A Call To Arms – Snippet 18
“I was hoping I could run a theory past you,” Chomps said. “It’s a bit…odd…and I know you’re pretty good at outside-the-line thinking.”
“Sure. Go ahead.”
“Okay.” Chomps took a deep breath. “Here’s the thing. I’m wondering if that exiled dictator from Canaan — General Khetha — might still be alive.”
“I thought the Cascans said Khetha was one of the men who was murdered.”
“They also thought the murderer was blond with a mustache,” Chomps pointed out. “And even the Cascans admit the victims’ DNA was degraded, and that they only identified one of the samples as Khetha’s after they knew what to look for. Who’s to say it was actually him?”
“Let’s assume for sake of argument that you’re right, that Khetha’s still alive,” Travis said. “I assume you have more theory to go along with it?”
“Yes, Sir,” Chomps said. “Okay. Khetha kills someone — probably a random guy in the street — who’s close enough in height and build to pass as him after some time in a denature bag. Maybe he substitutes the guy’s DNA for his own in his mansion’s records; maybe he just assumes the degrading will be enough to do the trick. In that case, it could have been Khetha, not the killer, who took the courier ship and made a run for it.”
“Or else they’re both aboard?” Travis suggested.
“The Cascans said the security cams show only one man getting aboard the shuttle.”
“None they shared with us.”
Travis nodded. “Okay, so now it’s Khetha and not the killer who escapes from Casca. Go on.”
“The killer now goes to ground on Casca for a couple of years,” Chomps said. “Not impossible if he’s prepared the papers and has enough money. Somewhere along the way, Khetha decides there’s something he needs from Canaan, either more looted treasure or something else. So he sends a message to someone in the League, who then charters Izbica. This someone and a buddy come aboard as passengers. The freighter heads to Canaan, bouncing around a few more ports on the way just to muddy the waters, where Khetha’s agents pick up the goods. Then they head to Casca.”
“Hold on a second,” Travis said, quiet alarm bells going off in the back of his head. He hadn’t heard anything about passengers, and he certainly hadn’t seen a copy of the freighter’s itinerary. How was it Chomps knew all this? “So they just pick up these gold bricks or whatever and stash them aboard?”
“Izbica’s passengers have taken over two of the holds and loaded them with a secret cargo,” Chomps said. “Supposedly running under diplomatic privilege via the Minorcan government. The treasure or whatever could be in there. So they head to Casca, where they do a little more trading and add the killer to their party. That now makes it the party of three that Izbica shows on their personnel list.” He lifted his hands. “Does this make any sense, Sir? Or am I just spitting at a radiator?”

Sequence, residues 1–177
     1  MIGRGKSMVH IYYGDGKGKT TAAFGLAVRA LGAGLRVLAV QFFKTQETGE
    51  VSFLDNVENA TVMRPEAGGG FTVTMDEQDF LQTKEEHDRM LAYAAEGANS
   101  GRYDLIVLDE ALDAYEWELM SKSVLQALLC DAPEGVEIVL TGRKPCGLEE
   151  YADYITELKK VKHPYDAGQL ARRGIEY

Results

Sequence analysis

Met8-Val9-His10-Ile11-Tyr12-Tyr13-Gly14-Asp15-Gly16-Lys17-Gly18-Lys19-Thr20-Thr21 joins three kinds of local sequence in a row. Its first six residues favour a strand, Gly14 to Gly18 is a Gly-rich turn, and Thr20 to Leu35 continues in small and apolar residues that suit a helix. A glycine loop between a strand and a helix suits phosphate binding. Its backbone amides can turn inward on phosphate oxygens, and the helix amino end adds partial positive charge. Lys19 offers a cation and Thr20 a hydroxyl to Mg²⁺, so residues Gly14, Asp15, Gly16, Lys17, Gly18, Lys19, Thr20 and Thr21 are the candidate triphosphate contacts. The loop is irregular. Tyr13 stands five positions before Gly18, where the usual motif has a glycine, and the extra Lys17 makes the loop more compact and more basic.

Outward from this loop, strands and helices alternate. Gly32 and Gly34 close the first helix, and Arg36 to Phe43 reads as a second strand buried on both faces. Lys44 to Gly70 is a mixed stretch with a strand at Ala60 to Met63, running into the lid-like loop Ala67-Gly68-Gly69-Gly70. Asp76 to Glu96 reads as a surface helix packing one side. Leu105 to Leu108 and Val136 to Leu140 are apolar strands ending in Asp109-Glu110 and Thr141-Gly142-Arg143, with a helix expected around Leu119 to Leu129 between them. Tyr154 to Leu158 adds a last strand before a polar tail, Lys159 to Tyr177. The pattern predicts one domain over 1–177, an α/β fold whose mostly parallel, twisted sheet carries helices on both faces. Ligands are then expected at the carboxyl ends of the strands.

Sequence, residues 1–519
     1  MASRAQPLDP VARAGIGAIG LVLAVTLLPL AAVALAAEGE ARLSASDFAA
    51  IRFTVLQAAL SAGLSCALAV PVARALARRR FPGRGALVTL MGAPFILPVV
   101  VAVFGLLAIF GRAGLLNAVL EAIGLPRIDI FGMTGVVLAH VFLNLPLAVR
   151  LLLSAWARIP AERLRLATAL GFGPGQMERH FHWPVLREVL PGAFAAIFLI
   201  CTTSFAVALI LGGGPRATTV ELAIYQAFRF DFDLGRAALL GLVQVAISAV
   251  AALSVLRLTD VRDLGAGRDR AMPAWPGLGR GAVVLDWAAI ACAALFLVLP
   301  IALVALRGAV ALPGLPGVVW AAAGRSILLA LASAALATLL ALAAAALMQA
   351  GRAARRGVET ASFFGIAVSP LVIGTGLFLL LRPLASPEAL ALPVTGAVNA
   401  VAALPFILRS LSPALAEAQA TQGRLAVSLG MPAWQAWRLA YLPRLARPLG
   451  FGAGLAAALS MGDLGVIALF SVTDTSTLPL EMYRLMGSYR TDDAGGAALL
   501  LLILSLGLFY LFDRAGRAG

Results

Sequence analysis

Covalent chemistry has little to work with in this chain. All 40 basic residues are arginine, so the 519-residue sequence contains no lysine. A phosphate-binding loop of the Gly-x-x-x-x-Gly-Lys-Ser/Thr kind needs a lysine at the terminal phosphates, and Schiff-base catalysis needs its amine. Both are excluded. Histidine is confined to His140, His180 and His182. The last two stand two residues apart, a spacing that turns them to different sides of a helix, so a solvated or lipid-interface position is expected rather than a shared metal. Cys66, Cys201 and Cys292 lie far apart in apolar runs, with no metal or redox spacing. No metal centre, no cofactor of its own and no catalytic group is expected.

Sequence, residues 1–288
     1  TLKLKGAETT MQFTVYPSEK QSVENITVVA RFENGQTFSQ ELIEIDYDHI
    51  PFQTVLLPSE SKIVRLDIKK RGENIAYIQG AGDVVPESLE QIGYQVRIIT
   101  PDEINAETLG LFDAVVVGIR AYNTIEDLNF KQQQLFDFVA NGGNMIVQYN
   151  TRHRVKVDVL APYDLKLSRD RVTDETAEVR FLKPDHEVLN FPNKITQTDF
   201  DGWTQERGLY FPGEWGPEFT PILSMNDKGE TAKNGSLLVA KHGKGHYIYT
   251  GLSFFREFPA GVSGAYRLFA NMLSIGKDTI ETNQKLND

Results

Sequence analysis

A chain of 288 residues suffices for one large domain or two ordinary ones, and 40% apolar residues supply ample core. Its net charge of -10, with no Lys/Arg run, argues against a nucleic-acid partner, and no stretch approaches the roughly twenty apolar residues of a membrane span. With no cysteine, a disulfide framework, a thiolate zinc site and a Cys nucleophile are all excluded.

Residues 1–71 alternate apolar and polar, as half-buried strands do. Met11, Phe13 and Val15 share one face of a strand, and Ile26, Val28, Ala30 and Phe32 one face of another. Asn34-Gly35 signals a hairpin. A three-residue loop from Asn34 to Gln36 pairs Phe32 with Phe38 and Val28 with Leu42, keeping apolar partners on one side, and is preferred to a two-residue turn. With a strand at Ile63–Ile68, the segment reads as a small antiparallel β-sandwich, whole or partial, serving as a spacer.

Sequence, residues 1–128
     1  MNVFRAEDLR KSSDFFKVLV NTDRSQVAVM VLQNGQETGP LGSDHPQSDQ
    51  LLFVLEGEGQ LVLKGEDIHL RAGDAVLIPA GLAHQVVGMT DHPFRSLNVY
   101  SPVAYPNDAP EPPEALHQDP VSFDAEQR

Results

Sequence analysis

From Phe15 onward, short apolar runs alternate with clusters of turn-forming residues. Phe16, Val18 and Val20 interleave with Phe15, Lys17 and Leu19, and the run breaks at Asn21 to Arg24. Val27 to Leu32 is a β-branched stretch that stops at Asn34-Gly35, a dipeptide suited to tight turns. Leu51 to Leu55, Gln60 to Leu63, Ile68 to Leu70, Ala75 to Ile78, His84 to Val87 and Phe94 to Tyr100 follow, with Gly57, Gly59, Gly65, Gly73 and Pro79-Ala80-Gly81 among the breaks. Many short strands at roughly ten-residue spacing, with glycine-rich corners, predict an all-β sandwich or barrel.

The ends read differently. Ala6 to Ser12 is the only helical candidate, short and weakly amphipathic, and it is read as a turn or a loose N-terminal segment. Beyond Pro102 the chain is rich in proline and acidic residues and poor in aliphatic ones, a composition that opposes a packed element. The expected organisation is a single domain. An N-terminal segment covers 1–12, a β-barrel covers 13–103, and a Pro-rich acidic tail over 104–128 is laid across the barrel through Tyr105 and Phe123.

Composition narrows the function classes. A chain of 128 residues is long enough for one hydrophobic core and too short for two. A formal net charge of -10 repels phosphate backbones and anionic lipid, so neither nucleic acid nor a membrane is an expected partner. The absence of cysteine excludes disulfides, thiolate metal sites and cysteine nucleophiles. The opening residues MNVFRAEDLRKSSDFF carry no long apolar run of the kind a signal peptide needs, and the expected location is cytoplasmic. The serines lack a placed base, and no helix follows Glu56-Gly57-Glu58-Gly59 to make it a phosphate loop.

“I think you’ve been reading too many thrillers, Chief,” Travis said. “Why would Khetha go to all that trouble? And I mean as far back as Casca. The courier boat was his — he could have just taken off whenever he wanted.”
“Unless he was also conning his own entourage,” Chomps said. “If he was running out on them too, or else trying to throw off other enemies, going to ground on Minorca is about as deep a hole as you can find to lose yourself in.”
“It’s still way more complicated than necessary,” Travis said. “New topic. How exactly do you know so much about Izbica and her particulars? I don’t even know all that.”
“I have sources,” Chomps said evasively. “Thank you for your time, Sir. If you think it’s too complicated, then I’m probably blowing smoke into –”
“Hold it,” Travis cut him off as the visual memory of that blanked display suddenly bounced back into his mind’s eye. “What did you just have on that display?”
“It was nothing, Sir,” Chomps said, a little too quickly. He pushed off the side of the compartment with one of his large fingers and began floating almost imperceptibly toward a spot directly between Travis and the display. “Just some stuff I was working on.”
“Like hell,” Travis bit out. “It was confidential ship’s data, wasn’t it?”